5. And that leads us (neatly this time) into the question to brand behaviour that might be good to consider. Stick to a set of principles that don’t change. Very, very simply put – if you know exactly what you stand for (and, crucially so do your audience) and will never, ever stray off that path then you have a great chance to take people with you for a very long time. But beware the company that you keep. Given that you need to live and eat and drink and pay the rent, you will want some just rewards for your work. If the royalties and tours deliver the moolah then you’re sorted. But the reality is probably something completely different. So along comes SentricMusic to hook you up with a commercial brand link you can show the bank manager. ‘We’ve got an arms dealer who thinks your melodies will make his ammo fly off the shelves, ” they say (extreme and v. unlikely, but go with it for the sake of the point). “Super duper,” you say. The deal is done, the money rolls in and the many, many long-standing loving fans give you the finger.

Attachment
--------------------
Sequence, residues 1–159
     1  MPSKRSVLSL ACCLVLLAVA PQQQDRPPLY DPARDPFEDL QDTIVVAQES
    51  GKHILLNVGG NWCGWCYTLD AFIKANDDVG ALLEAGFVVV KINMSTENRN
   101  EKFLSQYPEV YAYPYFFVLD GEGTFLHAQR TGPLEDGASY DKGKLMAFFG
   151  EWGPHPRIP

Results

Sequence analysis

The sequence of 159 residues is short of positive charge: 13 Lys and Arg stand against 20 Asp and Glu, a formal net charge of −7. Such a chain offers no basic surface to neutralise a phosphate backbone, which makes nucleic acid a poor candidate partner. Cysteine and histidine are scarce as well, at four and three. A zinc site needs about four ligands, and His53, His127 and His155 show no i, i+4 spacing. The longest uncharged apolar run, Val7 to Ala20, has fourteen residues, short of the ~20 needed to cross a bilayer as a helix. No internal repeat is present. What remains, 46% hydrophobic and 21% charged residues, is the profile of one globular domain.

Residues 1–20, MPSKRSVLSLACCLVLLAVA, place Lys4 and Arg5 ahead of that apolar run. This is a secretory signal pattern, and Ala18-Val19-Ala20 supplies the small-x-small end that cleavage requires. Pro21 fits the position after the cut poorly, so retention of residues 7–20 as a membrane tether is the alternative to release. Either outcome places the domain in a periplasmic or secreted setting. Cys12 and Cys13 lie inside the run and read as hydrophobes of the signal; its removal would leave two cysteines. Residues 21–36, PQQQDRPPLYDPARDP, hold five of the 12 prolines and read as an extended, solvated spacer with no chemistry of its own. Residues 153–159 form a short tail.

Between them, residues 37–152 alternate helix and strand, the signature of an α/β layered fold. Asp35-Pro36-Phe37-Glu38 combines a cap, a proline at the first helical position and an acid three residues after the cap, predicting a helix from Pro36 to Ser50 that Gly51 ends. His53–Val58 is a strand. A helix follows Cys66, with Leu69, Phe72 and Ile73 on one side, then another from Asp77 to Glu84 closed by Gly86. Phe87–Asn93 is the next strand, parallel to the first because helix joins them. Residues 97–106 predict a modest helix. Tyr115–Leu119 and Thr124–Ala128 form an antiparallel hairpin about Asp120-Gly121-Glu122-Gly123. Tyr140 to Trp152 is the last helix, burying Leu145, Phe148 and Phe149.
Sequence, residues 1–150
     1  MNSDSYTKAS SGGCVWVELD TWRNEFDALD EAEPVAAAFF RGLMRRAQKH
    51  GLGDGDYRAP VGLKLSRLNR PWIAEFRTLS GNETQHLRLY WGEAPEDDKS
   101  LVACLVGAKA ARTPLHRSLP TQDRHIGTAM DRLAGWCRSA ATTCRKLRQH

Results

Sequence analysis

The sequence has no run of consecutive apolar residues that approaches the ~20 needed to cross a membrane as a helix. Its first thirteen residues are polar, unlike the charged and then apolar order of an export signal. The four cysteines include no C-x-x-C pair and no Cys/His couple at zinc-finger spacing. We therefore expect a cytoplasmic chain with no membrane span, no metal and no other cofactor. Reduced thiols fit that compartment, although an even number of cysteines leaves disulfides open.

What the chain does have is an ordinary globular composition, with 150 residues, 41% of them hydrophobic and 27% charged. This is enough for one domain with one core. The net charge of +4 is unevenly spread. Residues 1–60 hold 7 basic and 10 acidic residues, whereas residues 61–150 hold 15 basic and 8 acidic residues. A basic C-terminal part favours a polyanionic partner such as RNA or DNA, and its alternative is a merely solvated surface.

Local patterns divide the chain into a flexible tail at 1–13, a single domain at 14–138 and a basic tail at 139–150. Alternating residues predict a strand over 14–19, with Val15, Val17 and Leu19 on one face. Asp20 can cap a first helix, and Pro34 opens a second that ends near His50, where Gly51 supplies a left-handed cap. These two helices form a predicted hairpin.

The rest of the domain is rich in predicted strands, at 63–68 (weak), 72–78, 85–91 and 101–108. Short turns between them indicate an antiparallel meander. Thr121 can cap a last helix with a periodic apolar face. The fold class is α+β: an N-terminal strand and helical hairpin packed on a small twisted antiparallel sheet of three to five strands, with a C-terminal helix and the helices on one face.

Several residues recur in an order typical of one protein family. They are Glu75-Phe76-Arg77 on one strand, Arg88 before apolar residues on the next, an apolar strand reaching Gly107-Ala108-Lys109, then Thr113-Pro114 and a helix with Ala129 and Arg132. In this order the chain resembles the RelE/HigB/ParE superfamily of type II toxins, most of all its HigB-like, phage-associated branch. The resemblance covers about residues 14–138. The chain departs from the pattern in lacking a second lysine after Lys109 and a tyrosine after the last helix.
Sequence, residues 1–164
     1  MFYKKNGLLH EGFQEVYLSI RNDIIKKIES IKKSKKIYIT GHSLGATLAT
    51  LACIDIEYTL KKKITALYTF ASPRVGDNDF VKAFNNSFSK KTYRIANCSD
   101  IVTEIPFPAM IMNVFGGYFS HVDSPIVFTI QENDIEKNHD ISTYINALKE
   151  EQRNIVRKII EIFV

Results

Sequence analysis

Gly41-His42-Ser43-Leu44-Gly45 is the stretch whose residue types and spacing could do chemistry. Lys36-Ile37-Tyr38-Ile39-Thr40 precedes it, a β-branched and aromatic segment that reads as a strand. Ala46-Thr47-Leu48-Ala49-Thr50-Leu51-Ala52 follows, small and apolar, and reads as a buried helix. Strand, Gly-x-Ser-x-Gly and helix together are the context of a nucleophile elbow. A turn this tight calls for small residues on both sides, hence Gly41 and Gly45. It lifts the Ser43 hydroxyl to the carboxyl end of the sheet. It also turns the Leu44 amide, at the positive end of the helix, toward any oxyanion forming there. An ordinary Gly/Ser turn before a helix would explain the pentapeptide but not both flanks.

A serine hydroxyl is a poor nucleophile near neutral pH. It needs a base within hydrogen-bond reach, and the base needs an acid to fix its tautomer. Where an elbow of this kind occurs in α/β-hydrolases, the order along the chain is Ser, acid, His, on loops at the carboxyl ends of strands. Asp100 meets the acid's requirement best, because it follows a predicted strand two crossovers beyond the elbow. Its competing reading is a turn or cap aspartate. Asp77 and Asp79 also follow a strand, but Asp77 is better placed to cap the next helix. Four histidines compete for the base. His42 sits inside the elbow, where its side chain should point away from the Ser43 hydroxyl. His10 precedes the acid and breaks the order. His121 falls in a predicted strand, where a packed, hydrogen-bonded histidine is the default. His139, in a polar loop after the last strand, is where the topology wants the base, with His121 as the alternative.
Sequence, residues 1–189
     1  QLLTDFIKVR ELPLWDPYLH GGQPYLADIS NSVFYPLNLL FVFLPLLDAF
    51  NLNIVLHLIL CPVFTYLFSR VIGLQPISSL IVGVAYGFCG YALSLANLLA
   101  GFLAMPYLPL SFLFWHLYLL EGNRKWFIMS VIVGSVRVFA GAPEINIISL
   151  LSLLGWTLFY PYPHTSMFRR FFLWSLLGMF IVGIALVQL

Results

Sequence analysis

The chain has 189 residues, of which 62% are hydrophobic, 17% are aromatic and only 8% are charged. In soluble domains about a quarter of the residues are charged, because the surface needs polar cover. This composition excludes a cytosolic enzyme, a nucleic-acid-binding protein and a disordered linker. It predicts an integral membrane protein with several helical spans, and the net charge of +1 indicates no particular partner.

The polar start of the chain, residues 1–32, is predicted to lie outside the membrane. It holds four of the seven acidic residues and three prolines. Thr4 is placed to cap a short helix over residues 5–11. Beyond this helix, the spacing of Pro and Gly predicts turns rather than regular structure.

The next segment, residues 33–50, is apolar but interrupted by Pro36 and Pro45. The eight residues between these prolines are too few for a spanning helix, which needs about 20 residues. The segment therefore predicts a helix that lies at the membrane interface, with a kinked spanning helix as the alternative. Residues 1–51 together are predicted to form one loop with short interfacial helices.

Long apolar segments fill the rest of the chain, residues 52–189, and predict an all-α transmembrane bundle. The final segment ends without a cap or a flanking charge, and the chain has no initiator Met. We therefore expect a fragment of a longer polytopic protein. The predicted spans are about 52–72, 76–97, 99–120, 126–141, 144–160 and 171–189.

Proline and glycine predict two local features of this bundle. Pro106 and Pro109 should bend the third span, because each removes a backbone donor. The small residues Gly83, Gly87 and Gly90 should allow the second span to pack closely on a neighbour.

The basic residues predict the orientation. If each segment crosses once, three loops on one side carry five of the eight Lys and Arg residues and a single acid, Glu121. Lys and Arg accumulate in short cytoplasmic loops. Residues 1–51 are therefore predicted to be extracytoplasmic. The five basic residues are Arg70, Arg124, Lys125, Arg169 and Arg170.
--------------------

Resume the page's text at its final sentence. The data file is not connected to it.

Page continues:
Punters are fickle, tribal pains in the arse. Oasis or Blur? Stones or Beatles? Stylistics or O’Jays? Perception is reality (as trite as the saying is) and what your followers believe about you is the truth not necessarily what you tell them. Spend time and effort managing every element of your musical entity – one slip and the whole edifice can come down like a house of cards. Wacko Jacko or the King of Pop?